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Wednesday
May312017

Tanzania Is About More Than Just  Diving

I came to Mafia for a short 2 weeks, with the aim of learning more about what I see when diving and what impacts what I am seeing underwater. I was welcomed warmly into camp from day 1 and by day 2 felt I had been here for months.

I spent the first couples of days settling in, learning how camp works and exploring the village. We had a lot of chilled time until our dives later in the week which we spent relaxing on the beach, snorkeling or having lectures by our staff member, Demi. The lectures are easy to follow when presented by such a passionate teacher, no matter how many Latin names are thrown at you! In my short stay I’ve learnt a wide range of topics and skills, from seagrass species and surveys, to whale shark populations and threats. Demi has talked us through a lot of the dangers of over fishing, most of which I had never realized before. For example I had no idea the blue fin tuna that is found with ease in bulk anywhere, is actually endangered due to massive fishing ships not adhering to policies and fishing limits. This not only means we could run out of this beautiful fish but also local fishermen do not stand a chance and are struggling to feed their families.

One skill I have greatly enjoyed trying out, one that never crossed my mind before, was free diving. I first tried it when we went for a fun snorkel, however I was trying out my new wetsuit at the same time so it was very difficult for me to not keep floating to the surface. Later when we did seagrass and mangrove surveys I gave it another shot, after some tips from the others I managed but it’ll take a lot more practice before I can stay under for long.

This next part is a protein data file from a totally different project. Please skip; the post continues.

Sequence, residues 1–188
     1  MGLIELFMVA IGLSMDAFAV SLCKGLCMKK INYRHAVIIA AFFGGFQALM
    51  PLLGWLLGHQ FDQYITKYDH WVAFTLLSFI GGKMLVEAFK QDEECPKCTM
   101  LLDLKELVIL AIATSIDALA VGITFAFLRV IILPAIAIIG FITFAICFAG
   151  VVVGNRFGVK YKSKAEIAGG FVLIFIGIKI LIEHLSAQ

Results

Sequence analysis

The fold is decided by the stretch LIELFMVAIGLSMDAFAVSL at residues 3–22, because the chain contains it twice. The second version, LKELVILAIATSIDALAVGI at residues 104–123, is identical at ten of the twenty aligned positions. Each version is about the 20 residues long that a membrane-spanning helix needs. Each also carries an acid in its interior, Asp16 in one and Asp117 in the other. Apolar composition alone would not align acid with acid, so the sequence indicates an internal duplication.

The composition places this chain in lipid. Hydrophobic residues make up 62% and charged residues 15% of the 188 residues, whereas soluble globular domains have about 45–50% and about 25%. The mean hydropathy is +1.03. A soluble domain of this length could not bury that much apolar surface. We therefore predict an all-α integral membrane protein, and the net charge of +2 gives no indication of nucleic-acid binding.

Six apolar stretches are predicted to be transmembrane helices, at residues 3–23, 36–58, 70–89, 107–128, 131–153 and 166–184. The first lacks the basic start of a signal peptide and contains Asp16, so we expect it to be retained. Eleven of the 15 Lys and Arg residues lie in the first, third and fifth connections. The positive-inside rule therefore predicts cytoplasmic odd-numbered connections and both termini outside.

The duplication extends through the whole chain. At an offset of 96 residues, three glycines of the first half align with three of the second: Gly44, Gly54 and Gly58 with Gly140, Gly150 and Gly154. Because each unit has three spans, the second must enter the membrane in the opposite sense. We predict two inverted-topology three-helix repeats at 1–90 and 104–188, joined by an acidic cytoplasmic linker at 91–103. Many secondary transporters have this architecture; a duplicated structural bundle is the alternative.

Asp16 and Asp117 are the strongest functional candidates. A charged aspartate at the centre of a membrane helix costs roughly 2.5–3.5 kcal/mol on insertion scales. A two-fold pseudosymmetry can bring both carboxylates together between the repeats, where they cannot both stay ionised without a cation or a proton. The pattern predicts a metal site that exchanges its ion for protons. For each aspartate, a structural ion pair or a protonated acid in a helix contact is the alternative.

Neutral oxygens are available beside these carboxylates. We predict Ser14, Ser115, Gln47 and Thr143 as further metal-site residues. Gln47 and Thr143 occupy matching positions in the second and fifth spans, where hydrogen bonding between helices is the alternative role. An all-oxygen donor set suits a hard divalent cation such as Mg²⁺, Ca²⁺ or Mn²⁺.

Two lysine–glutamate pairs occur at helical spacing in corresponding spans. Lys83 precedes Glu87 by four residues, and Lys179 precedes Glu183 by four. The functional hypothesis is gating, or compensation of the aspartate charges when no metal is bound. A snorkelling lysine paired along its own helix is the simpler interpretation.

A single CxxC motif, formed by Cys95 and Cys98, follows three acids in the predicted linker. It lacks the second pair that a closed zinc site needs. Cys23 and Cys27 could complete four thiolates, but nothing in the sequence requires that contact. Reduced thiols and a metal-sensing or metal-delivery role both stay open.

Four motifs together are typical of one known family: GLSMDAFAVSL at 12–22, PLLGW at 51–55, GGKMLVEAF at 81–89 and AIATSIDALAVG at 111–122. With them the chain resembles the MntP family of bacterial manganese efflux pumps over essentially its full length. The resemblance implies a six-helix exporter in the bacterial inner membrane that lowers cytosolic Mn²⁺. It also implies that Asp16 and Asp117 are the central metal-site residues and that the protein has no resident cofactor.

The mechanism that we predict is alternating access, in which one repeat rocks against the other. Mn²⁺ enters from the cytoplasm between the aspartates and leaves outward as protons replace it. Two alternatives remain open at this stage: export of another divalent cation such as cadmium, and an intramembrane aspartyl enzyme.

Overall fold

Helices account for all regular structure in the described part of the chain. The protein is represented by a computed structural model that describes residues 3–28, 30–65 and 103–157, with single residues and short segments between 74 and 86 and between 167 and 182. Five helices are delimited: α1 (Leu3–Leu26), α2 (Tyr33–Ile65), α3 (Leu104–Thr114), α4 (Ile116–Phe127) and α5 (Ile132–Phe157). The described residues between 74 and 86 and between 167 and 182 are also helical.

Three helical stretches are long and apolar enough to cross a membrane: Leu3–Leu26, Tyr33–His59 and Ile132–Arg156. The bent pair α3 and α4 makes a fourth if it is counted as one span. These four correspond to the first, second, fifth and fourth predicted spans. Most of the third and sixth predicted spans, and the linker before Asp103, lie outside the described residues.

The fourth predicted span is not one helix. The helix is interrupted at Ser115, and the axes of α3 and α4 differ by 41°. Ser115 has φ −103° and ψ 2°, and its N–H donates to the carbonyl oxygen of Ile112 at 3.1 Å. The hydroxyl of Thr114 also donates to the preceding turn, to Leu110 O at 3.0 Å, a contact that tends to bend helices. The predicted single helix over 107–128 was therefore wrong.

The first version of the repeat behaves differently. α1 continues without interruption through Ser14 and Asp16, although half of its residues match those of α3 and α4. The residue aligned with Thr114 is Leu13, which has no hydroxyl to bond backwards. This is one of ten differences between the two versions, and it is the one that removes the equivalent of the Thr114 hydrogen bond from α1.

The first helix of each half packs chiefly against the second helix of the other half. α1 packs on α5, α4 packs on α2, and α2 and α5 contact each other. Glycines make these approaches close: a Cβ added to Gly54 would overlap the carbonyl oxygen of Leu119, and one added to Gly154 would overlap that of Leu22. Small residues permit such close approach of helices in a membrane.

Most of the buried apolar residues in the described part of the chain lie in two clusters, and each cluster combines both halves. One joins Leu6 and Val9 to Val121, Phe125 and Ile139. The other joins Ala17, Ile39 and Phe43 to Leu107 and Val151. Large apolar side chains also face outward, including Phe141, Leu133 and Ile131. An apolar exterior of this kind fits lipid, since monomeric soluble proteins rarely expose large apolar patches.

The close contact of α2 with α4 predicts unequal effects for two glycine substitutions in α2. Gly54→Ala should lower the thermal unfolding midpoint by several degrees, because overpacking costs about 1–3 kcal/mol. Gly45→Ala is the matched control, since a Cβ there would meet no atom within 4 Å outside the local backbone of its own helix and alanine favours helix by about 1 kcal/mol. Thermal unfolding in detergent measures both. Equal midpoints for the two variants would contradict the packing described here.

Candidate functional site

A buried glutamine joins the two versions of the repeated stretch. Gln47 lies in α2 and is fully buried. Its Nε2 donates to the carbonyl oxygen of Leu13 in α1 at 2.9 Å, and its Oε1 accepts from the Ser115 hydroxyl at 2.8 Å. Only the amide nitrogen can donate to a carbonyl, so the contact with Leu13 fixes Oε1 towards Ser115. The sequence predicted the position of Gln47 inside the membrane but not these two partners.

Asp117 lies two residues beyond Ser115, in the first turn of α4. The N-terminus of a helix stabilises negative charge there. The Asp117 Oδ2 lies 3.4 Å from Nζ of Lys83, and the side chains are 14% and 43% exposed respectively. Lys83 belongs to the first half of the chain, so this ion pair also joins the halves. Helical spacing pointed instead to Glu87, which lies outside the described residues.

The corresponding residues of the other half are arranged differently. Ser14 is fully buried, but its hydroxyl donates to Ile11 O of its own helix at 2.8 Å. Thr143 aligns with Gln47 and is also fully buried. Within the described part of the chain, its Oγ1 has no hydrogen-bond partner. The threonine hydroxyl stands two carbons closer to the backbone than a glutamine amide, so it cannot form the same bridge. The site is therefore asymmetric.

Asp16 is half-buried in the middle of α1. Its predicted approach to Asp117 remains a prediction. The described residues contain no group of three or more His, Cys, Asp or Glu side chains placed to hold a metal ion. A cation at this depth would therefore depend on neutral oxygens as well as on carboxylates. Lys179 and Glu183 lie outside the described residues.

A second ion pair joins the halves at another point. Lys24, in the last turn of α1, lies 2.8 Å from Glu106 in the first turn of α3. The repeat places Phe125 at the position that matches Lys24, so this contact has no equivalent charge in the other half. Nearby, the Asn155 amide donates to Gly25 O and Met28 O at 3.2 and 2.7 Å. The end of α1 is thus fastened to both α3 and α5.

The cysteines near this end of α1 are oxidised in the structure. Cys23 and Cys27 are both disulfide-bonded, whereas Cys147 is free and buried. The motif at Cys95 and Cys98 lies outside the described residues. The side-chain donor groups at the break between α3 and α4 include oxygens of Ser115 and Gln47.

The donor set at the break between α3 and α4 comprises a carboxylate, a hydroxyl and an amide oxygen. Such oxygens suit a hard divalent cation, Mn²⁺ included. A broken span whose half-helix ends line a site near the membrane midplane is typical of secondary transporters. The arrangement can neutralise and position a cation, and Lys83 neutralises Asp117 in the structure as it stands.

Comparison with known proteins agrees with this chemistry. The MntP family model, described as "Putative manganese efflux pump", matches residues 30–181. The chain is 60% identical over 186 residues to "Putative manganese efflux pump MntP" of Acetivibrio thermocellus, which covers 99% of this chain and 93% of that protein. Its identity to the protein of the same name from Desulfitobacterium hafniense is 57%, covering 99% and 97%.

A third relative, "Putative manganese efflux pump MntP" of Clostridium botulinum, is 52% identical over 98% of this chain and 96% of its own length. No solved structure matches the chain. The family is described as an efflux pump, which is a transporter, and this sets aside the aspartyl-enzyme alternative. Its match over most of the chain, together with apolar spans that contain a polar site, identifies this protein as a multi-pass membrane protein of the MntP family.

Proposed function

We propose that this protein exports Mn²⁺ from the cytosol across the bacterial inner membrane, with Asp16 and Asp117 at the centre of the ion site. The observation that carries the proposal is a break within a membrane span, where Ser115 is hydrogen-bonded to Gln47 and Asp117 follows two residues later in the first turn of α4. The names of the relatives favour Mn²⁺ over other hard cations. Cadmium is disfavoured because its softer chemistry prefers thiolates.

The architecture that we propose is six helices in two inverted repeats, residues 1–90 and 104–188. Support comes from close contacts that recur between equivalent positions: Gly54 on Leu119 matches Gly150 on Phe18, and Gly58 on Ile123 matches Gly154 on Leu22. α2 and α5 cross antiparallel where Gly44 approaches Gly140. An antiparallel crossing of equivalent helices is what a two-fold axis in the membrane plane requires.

Another volunteer, who has been here for 2 months already, has talked us through fish identification whenever we got the chance. It’s been very rewarding to study different fish species and the subtleties between them and then correctly identify them on a dive. Now when I go on future dives I will be able to tell people what I have seen instead of saying; ‘the cute blue one!’

I have done 4 shore dives and 4 boat dives whilst here and I have seen so many new things! The coolest of which were a cuttlefish which surprised us at the end of my first dive and two seahorses I managed to spot during my last dive here. Whilst we have seen many different species my other favorites were a wonderfully camouflaged scorpion fish, two massive eels and juvenile box fishes.

We have also had a rather eventful dive when my buddy stopped as she couldn’t clear her mask, I stayed with her but the others were in front and disappeared. I tried to keep her calm as I could see she was panicking and followed procedure by looking around for the others for 1 minute. We were just starting to ascend slowly since no one had appeared when Demi came out of the blue to rescue us. We were only separated for a minute or two but in that time I was greatly aware of the dangers of diving and the importance of the safety procedures we get told over and over again!

As well as going on some of my best dives here, I have met and made friends with a group of extraordinary people. I only came for 2 weeks partly due to money but also as I was nervous about joining a project when I had never done anything like this before. Now I wish I was staying for months. I’m leaving tomorrow and I am incredibly sad to be going. We have had some amazing moments together such as dancing on the beach at sunset and chilling at camp under the stars.

By Laura Smith - Tanzania Volunteer

Find out more about Frontier's volunteering projects in Tanzania.

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